he slots games, including "African Diamond" and "Crazy Money," don't pay out any money "or anything else that has independent marketable value," according to the terms and conditions page. But users can buy credits to keep playing once they run out of free ones.
TEN owner Glenn Straub said Monday that he wasn’t aware the casino computer game was live, but said the managers there did run the concept by him.
“They ran that by us. It wasn’t gambling so it didn’t offend anybody,” he said.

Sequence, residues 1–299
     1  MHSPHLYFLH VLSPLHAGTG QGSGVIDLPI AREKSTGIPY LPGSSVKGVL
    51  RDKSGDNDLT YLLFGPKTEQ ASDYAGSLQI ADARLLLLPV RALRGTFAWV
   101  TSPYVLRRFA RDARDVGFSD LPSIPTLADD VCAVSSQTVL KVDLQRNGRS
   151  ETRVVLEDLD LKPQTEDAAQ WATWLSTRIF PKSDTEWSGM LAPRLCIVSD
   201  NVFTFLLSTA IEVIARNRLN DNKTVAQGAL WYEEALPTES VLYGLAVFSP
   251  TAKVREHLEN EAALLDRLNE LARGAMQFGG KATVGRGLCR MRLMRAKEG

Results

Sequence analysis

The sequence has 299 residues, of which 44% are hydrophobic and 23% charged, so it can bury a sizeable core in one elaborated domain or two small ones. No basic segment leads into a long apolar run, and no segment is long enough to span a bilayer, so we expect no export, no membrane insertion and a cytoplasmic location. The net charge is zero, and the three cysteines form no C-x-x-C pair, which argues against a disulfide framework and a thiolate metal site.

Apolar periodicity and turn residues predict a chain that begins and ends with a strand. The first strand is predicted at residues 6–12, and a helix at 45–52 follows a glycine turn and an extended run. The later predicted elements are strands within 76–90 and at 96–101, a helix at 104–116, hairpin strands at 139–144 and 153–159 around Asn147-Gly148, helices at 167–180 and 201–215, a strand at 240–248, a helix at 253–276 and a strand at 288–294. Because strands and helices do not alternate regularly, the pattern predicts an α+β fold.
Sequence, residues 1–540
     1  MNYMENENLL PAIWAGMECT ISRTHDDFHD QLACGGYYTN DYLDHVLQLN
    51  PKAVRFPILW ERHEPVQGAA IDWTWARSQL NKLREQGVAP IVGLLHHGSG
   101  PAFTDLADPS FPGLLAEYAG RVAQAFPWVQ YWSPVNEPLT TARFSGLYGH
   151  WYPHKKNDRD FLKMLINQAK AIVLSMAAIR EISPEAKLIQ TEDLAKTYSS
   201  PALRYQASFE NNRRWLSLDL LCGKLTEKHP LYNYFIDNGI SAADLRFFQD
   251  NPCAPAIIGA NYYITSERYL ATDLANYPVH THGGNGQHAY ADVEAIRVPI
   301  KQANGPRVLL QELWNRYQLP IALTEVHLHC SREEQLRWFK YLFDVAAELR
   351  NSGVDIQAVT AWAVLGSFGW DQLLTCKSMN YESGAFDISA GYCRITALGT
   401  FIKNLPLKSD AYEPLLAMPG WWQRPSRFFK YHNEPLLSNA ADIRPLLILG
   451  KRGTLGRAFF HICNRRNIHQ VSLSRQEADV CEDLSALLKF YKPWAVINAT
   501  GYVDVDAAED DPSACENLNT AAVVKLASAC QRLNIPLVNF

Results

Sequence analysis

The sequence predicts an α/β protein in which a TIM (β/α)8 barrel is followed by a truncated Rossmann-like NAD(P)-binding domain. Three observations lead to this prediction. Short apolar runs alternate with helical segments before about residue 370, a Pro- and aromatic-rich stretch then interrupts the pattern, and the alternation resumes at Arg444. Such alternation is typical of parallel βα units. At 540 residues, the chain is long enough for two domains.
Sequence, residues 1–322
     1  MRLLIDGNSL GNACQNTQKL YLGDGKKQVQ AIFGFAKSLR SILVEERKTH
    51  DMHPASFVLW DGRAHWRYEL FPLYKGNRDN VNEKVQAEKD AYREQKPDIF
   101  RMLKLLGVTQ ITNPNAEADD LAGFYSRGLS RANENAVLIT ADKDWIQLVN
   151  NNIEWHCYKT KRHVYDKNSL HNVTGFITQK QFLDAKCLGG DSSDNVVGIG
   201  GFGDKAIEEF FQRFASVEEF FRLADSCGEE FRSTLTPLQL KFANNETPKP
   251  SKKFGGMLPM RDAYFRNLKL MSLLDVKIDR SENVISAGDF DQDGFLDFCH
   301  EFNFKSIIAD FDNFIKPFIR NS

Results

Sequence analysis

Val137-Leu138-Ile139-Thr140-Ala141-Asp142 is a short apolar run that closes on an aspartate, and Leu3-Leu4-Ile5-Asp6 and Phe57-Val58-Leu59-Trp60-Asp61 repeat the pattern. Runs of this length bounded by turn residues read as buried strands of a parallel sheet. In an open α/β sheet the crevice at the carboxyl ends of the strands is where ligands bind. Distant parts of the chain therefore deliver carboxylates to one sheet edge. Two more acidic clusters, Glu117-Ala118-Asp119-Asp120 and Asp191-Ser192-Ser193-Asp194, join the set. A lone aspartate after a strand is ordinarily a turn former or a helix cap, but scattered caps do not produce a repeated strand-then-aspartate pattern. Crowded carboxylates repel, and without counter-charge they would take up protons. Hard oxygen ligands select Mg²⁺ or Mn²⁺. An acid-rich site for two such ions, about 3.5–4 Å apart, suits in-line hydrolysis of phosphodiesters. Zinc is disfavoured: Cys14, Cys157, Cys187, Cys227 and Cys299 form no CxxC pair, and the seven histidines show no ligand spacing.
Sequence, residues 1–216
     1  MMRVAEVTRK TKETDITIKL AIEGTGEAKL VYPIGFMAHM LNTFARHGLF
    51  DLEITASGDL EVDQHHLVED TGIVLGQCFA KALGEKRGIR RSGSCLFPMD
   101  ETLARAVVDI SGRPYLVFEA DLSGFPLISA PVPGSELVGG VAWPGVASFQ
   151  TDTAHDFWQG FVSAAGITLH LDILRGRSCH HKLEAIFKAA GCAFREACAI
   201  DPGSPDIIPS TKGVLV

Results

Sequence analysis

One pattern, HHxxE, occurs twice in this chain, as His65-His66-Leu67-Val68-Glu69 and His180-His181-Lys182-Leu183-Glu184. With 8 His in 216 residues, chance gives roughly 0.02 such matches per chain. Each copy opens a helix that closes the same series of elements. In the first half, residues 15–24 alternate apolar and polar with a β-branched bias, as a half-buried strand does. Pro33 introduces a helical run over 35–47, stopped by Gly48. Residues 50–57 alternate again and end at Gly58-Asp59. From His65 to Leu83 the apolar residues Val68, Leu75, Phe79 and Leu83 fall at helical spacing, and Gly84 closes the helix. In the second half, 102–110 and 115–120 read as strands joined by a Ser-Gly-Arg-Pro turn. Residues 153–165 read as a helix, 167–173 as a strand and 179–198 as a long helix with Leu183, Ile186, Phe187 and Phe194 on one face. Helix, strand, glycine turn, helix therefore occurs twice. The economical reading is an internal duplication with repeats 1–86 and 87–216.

As for opening the real casino with actual gambling, Straub is still battling state regulators over whether he needs a gaming license. The state Casino Control Commission ruled he does, despite leasing casino operations to a third party.
Straub has vowed to challenge the ruling in court.
“I’m not going to be getting involved with the casinos,” he said Monday morning. “They’re leased out, and that’s what this whole extra year we spent in getting the state to recognize the statute that’s on the books.”